Gastroesophageal Reflux Disease

Heartburn is a burning feeling in the chest caused by stomach acid travelling up towards the throat (acid reflux). There are problems with this approach For instance, patients who have conditions that can mimic GERD, specifically duodenal or gastric (stomach) ulcers, also can actually respond to such treatment. In this situation, extra resources if the physician assumes that the problem is GERD, the cause of the ulcer disease would be missed such as a type of infection called Helicobacter pylori (H. pylori), or nonsteroidal anti-inflammatory drugs or NSAIDS (for example, ibuprofen ), can also cause ulcers and these conditions would be treated differently from GERD.

When GERD affects the throat or larynx and causes symptoms of cough, hoarseness , or sore throat , patients often visit an ear, nose, and throat (ENT) specialist. The ENT specialist frequently finds signs of inflammation of the throat or larynx. Although diseases of the throat or larynx usually are the cause of the inflammation, sometimes GERD can be the cause. Accordingly, ENT specialists often try acid-suppressing treatment to confirm the diagnosis of GERD. This approach, however, has the same problems as discussed above, that result from using the response to treatment to confirm GERD.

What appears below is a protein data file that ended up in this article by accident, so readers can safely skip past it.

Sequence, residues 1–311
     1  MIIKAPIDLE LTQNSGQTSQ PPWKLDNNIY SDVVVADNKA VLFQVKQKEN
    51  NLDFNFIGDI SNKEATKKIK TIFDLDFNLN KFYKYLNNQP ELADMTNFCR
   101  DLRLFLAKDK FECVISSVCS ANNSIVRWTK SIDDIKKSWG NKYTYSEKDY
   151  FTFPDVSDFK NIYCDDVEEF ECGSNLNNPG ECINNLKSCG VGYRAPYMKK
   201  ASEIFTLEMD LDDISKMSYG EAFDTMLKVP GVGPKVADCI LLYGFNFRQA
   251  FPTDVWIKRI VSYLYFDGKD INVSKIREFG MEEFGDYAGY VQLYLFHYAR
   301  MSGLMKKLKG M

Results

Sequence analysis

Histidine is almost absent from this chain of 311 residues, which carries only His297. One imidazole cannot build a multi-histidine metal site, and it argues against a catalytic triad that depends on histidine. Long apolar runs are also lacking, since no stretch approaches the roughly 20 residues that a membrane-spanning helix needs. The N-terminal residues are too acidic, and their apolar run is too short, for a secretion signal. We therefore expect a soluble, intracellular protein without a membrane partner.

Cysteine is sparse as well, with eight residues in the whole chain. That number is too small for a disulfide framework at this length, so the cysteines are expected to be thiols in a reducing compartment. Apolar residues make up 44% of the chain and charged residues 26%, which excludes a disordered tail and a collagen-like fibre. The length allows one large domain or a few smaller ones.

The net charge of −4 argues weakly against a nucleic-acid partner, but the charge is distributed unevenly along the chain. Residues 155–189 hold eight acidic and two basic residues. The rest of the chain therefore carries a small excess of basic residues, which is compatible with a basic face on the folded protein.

Esophageal motility testing has two important uses in evaluating GERD. The first is in evaluating symptoms that do not respond to treatment for GERD since the abnormal function of the esophageal muscle sometimes causes symptoms that resemble the symptoms of GERD Motility testing can identify some of these abnormalities and lead to a diagnosis of an esophageal motility disorder. The second use is evaluation prior to surgical or endoscopic treatment for GERD. In this situation, the purpose is to identify patients who also have motility disorders of the esophageal muscle. The reason for this is that in patients with motility disorders, some surgeons will modify the type of surgery they perform for GERD.

GERD may be difficult to detect in infants and children , since they cannot describe what they are feeling and indicators must be observed. Symptoms may vary from typical adult symptoms. GERD in children may cause repeated vomiting , effortless spitting up, coughing , and other respiratory problems, such as wheezing. Inconsolable crying, refusing food, crying for food and then pulling off the bottle or breast only to cry for it again, failure to gain adequate weight, bad breath, and burping are also common. Children may have one symptom or many; no single symptom is universal in all children with GERD.

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